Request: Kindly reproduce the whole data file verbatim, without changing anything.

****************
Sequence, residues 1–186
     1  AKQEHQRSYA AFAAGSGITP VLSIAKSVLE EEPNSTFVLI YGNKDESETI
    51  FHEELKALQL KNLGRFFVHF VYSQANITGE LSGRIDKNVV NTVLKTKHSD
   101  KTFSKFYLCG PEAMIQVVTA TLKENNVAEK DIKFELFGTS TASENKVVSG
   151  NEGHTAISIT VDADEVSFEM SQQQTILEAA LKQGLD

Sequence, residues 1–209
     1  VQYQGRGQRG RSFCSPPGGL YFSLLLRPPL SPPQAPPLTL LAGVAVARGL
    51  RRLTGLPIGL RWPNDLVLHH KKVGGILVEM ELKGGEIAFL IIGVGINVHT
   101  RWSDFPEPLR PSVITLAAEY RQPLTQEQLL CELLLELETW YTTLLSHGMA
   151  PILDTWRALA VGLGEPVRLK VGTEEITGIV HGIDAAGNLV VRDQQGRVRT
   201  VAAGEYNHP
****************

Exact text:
Sequence, residues 1–186
     1  AKQEHQRSYA AFAAGSGITP VLSIAKSVLE EEPNSTFVLI YGNKDESETI
    51  FHEELKALQL KNLGRFFVHF VYSQANITGE LSGRIDKNVV NTVLKTKHSD
   101  KTFSKFYLCG PEAMIQVVTA TLKENNVAEK DIKFELFGTS TASENKVVSG
   151  NEGHTAISIT VDADEVSFEM SQQQTILEAA LKQGLD

Sequence, residues 1–209
     1  VQYQGRGQRG RSFCSPPGGL YFSLLLRPPL SPPQAPPLTL LAGVAVARGL
    51  RRLTGLPIGL RWPNDLVLHH KKVGGILVEM ELKGGEIAFL IIGVGINVHT
   101  RWSDFPEPLR PSVITLAAEY RQPLTQEQLL CELLLELETW YTTLLSHGMA
   151  PILDTWRALA VGLGEPVRLK VGTEEITGIV HGIDAAGNLV VRDQQGRVRT
   201  VAAGEYNHP